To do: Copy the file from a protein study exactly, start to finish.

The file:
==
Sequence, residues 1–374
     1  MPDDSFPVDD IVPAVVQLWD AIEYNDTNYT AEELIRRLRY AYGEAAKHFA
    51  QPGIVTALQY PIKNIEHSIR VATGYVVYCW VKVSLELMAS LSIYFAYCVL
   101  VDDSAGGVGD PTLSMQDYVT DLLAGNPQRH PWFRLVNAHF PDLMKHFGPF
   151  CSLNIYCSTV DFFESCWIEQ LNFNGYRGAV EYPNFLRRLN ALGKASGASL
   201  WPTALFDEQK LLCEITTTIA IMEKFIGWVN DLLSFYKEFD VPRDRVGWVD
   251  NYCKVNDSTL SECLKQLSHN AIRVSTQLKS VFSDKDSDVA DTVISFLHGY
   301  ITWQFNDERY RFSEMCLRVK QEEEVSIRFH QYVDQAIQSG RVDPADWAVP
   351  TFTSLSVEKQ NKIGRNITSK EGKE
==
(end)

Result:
Sequence, residues 1–374
     1  MPDDSFPVDD IVPAVVQLWD AIEYNDTNYT AEELIRRLRY AYGEAAKHFA
    51  QPGIVTALQY PIKNIEHSIR VATGYVVYCW VKVSLELMAS LSIYFAYCVL
   101  VDDSAGGVGD PTLSMQDYVT DLLAGNPQRH PWFRLVNAHF PDLMKHFGPF
   151  CSLNIYCSTV DFFESCWIEQ LNFNGYRGAV EYPNFLRRLN ALGKASGASL
   201  WPTALFDEQK LLCEITTTIA IMEKFIGWVN DLLSFYKEFD VPRDRVGWVD
   251  NYCKVNDSTL SECLKQLSHN AIRVSTQLKS VFSDKDSDVA DTVISFLHGY
   301  ITWQFNDERY RFSEMCLRVK QEEEVSIRFH QYVDQAIQSG RVDPADWAVP
   351  TFTSLSVEKQ NKIGRNITSK EGKE